Jeff Stephens
So I was I wanted to go back to a few days ago, I think it was in the evening, maybe five or six, I sent you a text message. And I was thinking about something that I had seen. I think it was even the day before it was certainly at least hours ago, but maybe even a whole day before that I couldn’t stop thinking about. You had made a Facebook post, where you showed a picture of one of your signs, a yard sign for a house you were listing that had been graffitied and as soon as, you know, of course, I saw the picture before I saw the words in the post and my immediate response was just like, Oh my gosh, those jerks, I can’t believe it! I was mad, like, on your behalf, I was mad. And then I read your actual post and you said something to the effect of, you know, I just hope that whoever, you know, was feeling like this is how they needed to express themselves is doing okay. And I’m sending them my best wishes and vibes and whatnot. And I was so struck by that because just that those hours and hours later, I was like, I need more of that perspective and that mindset in my life. And so my question for you is how do you maintain that? Because my impression is, you’ve got a great grasp on that, that that comes naturally to you. Whereas for a lot of the rest of us, we have to sort of work towards having that sort of abundance mentality.

Dill Ward
Thank you. It’s fun to even reflect on how I’ve become this way and integrated it into my being. I was definitely not always that way. Like, I feel like when I look back at who I was as an adolescent or my early 20s, I think I was like the rest of us in the world just kind of, you know, got to get mine, selfish, feeling really like every time anything bad happened to me, why is this happening to me? And just all the rhetoric that we sort of are born into culturally. And I don’t know, just, you know, one day I just decided that happiness is something that no one can separate you from, like, it’s yours. It’s your born given right to just say, I’m gonna be happy. And I also realized pretty early, like, it pisses people off when you’re happy. It’s like it’s a little bit scary. Sometimes you’re like, Why? Why are you so happy all the time? I don’t. But I do think that it requires you to find a lesson in every single thing that happens to you and look for the inner knowledge, look for the inner knowing, looking for the test of your patience and of your love. And I think I just always return to it, I always call it back to the surface – like I get pissed off and you know, run around the house going, gosh why’d that happen, and then I make a post on Facebook to let my real, highest self that I want to be come out and I think that that’s where you have to land it; you can’t sit stuck in the soup of being pissed off, especially in real estate! Man, I mean five times a day you’re tested with your resolve, but you know, I just return to human kindness. I just think everybody is suffering and struggling in some regard. And while it cost me you know, 20 or 30 bucks to replace my sign, that person was like out amongst the the shutdown, you know, and so I can’t even imagine what it cost them and their sanity and potential risk factors. So I just I just try to stay present with that.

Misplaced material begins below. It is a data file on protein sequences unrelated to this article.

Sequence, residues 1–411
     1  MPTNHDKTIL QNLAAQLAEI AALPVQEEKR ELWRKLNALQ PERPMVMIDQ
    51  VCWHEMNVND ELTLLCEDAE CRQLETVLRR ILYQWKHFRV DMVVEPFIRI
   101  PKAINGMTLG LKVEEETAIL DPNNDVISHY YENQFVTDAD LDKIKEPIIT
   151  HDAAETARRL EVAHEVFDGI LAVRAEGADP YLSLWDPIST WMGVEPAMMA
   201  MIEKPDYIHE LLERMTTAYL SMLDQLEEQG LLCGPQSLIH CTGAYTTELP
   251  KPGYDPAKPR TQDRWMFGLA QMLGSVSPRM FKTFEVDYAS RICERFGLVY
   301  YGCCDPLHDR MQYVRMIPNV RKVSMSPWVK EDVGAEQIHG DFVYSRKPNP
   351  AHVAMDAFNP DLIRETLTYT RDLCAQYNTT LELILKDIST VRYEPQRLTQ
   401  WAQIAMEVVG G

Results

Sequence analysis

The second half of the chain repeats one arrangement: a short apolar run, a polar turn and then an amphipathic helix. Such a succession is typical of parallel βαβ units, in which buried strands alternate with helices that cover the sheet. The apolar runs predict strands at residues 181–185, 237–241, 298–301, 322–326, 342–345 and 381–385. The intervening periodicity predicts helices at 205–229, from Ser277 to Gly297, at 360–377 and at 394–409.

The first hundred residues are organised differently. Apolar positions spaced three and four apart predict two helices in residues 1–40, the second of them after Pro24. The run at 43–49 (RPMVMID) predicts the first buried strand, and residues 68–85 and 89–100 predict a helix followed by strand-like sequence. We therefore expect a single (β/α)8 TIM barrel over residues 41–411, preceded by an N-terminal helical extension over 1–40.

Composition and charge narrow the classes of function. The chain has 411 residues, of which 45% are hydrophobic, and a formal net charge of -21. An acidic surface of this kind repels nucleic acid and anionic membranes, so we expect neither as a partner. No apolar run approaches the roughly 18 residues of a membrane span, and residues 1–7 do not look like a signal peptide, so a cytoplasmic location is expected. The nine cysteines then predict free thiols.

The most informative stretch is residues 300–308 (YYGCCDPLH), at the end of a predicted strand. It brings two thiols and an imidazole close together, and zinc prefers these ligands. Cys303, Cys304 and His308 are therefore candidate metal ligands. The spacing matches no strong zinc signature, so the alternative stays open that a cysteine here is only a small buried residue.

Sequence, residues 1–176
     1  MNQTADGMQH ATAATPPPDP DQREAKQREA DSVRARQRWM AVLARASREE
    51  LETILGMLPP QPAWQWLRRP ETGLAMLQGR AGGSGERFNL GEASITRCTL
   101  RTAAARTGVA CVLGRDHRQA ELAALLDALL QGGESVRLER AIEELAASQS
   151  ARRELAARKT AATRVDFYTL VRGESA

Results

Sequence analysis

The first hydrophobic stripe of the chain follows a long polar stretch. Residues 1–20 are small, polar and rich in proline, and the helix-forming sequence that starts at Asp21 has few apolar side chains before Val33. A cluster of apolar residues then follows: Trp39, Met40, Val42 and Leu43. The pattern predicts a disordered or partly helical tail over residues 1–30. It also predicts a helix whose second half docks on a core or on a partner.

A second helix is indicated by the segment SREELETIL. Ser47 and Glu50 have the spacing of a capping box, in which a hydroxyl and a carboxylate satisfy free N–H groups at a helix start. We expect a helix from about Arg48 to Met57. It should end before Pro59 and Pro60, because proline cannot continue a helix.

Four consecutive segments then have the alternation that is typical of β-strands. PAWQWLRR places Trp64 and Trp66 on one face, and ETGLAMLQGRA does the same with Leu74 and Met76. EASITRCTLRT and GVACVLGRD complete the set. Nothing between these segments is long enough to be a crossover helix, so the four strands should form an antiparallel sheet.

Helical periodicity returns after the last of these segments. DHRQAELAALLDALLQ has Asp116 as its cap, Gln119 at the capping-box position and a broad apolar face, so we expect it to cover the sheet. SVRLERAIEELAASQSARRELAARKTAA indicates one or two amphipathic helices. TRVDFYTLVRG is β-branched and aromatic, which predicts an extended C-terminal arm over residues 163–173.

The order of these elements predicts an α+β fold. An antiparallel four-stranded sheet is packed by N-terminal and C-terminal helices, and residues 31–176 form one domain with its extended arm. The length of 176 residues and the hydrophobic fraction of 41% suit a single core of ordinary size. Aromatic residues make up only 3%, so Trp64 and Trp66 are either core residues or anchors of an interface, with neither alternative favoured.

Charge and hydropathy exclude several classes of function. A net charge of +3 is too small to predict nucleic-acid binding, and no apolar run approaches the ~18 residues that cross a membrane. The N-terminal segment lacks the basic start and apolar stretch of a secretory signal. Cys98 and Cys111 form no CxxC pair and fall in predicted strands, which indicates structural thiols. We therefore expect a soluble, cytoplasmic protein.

Jeff Stephens
Yeah. So to me that’s, that’s just like an extreme amount of empathy and if I, if I think about the things that define in my own mind what being a thoughtful real estate entrepreneur is, empathy is right at the top of those. In fact, it makes me think we should, I should, probably talk more about the idea of empathy. But so, you know, I’ve spoken to you about thoughtful real estate entrepreneur before, but not really extensively. So I guess, something I’m curious about is when you hear those words, what does that mean to you?

Dill Ward
I think to be thoughtful is to be intentional. And intention is like, it’s like having your hand on the wheel of life, like you’re directing. You’re getting in alignment with your value. You’re putting, you’re putting maybe other people’s needs before yours at times when it’s appropriate. And I think that it’s really sexy to be thoughtful and to be compassionate toward the world. And I think it’s what makes great deal making, you know, when you have the ability to pause, and survey all the players, and see what the intricate needs and what all the variables you’re working with, before proposing solutions, like, that’s mastery, you know. And so I think thoughtful is really the pause, where you survey the land and say, you know, how do we put this deal together?

Jeff Stephens
Yeah, I absolutely love that. One of the things I talk about a lot, one of the horses that I beat dead, so to speak, is the idea of like, there’s a massive difference between an offer and a proposal. And you just, in my opinion, just really spoke to that idea; that an offer is sort of like me in a vacuum coming up with like, Well, here’s what works for me, do you want to take it or do you want to leave it? Whereas a proposal is more like, hey, I’ve been listening, I’ve asked some questions, I’ve been internalizing what I learned from you, and here’s my best shot recommendation of how we could go about getting where you’re trying to go. And to me, that’s a massive difference between those two things. But it definitely does not happen without that sense of empathy and intentionality.

Dill Ward